Our Global Development effort, already involves includes more than 250 projects in areas such as public health care, climate science, energy and water, AIDS/HIV, post conflict trauma and migration. These are all potential areas of value to Uganda, as is our expertise in sustainability, engineering and science, sexual and reproductive health, maternal health, and defence and security.
So this is the story of two universities Gulu and UNSW separated by vast distance, some 12,000 kilometres across land and sea, and by differences of scale and history, yet with a very common bond: to create a better world for all of us to live in. Some of the many options for collaboration we will be exploring today are development programs for academic staff, and visiting research fellowships in both directions in areas of shared interest such as mental health, justice, renewable energy, and infectious diseases; training for staff in areas of strategic priority, including library services, research infrastructure, and communications; and exchange PhD scholarships for Gulu and UNSW staff. We’ll also be generating programs to give students from both universities a richer learning experience, including curricula reviews, best-practice teaching methodology and e-learning. And, importantly, UNSW will be working with colleagues at Gulu University to contribute to positive change here in northern Uganda, linking up the university, government and business, and supporting Gulu’s aim to become Uganda’s leading sustainable city.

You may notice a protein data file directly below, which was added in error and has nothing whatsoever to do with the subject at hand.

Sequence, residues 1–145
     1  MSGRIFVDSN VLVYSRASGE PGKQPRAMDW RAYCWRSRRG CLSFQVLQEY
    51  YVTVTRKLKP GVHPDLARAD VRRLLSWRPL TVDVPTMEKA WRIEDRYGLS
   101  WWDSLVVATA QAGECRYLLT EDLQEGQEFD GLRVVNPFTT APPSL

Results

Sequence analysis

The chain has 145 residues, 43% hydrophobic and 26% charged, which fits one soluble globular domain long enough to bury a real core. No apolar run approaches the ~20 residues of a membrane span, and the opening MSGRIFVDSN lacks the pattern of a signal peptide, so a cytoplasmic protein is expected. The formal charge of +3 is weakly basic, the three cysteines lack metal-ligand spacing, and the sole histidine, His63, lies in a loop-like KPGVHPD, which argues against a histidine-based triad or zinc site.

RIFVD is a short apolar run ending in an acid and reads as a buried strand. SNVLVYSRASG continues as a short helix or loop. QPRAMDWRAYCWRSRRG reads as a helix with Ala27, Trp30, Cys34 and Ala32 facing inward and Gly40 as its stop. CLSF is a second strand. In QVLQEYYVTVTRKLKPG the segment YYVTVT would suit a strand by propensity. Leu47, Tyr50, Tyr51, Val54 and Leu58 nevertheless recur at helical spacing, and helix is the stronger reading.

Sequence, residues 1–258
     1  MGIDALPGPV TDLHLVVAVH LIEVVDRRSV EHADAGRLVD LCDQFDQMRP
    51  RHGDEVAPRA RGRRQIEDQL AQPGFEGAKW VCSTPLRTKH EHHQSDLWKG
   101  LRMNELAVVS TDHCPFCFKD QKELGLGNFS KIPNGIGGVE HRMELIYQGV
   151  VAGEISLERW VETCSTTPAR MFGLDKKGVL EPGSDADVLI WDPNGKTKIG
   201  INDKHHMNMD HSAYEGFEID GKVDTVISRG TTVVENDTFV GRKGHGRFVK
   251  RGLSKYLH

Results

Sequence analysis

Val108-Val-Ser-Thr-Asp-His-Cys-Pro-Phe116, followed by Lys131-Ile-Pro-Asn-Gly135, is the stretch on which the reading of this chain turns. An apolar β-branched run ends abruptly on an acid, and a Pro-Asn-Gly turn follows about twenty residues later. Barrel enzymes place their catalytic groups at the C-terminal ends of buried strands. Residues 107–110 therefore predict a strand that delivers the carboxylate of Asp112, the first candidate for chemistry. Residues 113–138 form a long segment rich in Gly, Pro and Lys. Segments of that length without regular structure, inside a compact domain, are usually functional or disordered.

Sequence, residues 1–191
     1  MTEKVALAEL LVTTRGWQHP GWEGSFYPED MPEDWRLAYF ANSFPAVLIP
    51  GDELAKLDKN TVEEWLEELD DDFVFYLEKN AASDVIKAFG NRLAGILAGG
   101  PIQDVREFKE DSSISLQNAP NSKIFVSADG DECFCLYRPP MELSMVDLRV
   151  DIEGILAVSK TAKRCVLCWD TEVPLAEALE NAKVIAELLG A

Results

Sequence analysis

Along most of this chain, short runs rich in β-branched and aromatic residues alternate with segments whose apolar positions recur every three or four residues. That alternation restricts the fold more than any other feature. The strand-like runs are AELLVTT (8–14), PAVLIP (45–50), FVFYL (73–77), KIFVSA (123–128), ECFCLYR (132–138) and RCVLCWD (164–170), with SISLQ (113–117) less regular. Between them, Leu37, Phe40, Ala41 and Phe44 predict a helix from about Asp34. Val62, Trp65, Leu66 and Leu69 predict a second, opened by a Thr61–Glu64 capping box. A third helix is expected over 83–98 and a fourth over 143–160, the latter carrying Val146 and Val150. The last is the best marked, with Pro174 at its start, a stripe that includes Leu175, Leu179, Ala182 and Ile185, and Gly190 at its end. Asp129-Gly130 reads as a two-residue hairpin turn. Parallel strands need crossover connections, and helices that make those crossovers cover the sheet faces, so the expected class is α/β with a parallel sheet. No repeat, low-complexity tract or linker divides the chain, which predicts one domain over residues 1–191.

In short, what we’re going to do collectively is harness our most valuable resource - our people, in Sydney and Gulu - and allow innovative ideas to flourish, to strengthen resilience and stability, and help create the conditions for progress and prosperity. That’s the project we’re both committed to, and that’s surely what universities are all about.
My view is that great universities are servants of their societies and of the global community and have a responsibility to play a major role in transforming societies. A truly great university doesn’t stop at the edge of campus, but moves into its surrounding society and is, in turn, influenced and shaped by the society and its needs. Universities should be role models for the communities they serve: displaying transparency and openness, sound governance and a rigorous meritocracy, and encouraging freedom of thought and expression and a wide diversity of views.
But to explore the role of universities in transforming societies is to raise many questions, some of which appear simple but are not. Who for a start should get a university education? That’s about access, and equity. And the curriculum - what should be taught and for whose needs? The individual, the nation, the economy, the future of humanity? Add to that the research question - what to research, what to prioritise, who makes those decisions, for what reasons - and we see that running and shaping a university is no easy task.
As the world faces unprecedented challenges, universities are expected to fill many roles. They’re seen by governments as providers of professionals and creators of wealth, as drivers of innovation; they’re expected to solve endless crises - above all, economic problems. The President of Harvard, Drew Faust, highlighted this when she said, “There is a danger the focus on higher education as the fundamental engine of economic growth is proving so powerful it will distort our understanding of all that universities should and must be.”